Support from public for further Edinburgh Trams extension

At the start of the year – before you know what arrived – the City of Edinburgh Council launched a Public Consultation into their Draft City Mobility Plan (CMP). This is part of an aim in making Edinburgh a carbon neutral city and included amongst the ambitious plans were potential further Edinburgh Trams extensions. The results of the consultation have now been revealed which included 65% of respondents supporting the expansion of the tramway.

The original plan was split into three stages:

  • By 2022 – Delivering today, planning for the future
  • By 2025 – Bolder actions
  • By 2030 – A City Transformed

For the trams, the first stage would have seen the extension to Newhaven almost completed (due in 2023) but it was in stages two and three that major expansion would be seen. By 2025 it was planned that a business case would have been developed for a new north south tram line (linking Granton to the Bio Quarter). But it was the by 2030 period that the biggest change would be seen with a mass transit network (including trams) around the area including extensions west to Newbridge and developed to connect the Waterfront in the north to the Royal Infirmary in the south. Further enhancements in the city centre were also suggested.

The report suggest that by 2030 16 trams an hour would be running between Haymarket and Newhaven by 2020 (and possibly back as far as Edinburgh Park) and that this could be extended to as many as 24 an hour if the extension west to West Hermiston or Newbridge and to Granton was approved.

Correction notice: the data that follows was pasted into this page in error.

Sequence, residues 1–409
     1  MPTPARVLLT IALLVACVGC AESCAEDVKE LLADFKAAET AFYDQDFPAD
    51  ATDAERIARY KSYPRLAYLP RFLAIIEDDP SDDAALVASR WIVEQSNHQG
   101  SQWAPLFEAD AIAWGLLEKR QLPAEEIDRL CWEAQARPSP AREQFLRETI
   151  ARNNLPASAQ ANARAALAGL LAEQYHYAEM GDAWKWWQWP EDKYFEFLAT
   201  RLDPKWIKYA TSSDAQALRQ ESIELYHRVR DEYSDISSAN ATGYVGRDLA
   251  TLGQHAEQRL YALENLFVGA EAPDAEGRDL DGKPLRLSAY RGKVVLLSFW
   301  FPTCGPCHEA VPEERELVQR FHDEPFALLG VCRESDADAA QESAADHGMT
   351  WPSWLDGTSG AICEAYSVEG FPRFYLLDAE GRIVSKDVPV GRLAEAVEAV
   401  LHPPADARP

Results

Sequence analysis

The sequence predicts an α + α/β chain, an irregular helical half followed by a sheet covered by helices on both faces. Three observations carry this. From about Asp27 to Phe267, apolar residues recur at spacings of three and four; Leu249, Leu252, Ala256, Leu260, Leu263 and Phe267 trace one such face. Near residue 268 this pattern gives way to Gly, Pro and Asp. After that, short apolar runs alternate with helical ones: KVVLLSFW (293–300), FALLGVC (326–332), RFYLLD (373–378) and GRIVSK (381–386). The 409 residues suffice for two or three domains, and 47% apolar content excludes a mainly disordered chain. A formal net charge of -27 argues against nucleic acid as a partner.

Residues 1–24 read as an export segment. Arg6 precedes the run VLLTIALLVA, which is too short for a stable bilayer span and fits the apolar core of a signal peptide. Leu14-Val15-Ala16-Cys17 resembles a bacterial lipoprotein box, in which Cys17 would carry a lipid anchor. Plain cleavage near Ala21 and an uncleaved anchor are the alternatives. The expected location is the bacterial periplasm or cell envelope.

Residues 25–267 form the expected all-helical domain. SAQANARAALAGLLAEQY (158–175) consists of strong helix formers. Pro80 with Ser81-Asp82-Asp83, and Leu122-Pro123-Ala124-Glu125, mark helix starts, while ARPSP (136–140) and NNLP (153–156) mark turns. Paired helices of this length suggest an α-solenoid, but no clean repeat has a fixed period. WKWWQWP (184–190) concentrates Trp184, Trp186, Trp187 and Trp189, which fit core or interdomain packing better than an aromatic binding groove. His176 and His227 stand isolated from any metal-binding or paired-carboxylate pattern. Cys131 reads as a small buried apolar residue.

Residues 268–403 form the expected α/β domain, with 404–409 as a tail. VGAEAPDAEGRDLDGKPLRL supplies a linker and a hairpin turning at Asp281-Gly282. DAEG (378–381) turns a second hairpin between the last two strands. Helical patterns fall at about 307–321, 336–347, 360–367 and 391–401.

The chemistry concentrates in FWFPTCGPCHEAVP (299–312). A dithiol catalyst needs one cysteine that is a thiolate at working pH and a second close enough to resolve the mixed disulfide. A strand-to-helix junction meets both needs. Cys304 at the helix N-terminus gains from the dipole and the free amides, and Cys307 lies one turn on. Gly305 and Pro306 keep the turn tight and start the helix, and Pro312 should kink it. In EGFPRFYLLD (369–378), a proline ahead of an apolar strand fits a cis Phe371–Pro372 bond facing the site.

Under Enhancing Public Transport in the consultation 923 respondents were in favour of extending the tramway (65% of those who responded – 42% strongly supported). 96 people were opposed to extending the tramway. A further question about issues in enhancing public transport saw just 4% (55) concerned about the costs and benefits of the tram expansion. Free text responses saw a few concerned about previous cost overruns and whether lessons had been learnt as well as questioning whether buses could do a similar job.

Following this consultation the responses will be fully analysed before the Transport and Environment Committee see a finalised plan in early 2021. It is likely that in the light of Covid-19 some changes will be necessary from the original plan.

Cllr Lesley Macinnes, Transport and Environment Convener, said: “As a city we are making real headway in tackling the manifold challenges posed by climate change, poor air quality and congestion, to name a few, but there is always more to be done. It is extremely encouraging that the vast majority of respondents to our Draft City Mobility Plan consultation support our vision for sustainable, affordable and joined-up transport in the Capital. We understand the impact Covid-19 will have on any plans but we’re also aware of the positive effect quieter streets have had on walking, cycling and wheeling, with numbers surging during lockdown. As we progress with our vision we want to maintain this enthusiasm by providing more, improved options for travel by foot, bike, wheelchair and public transport.”

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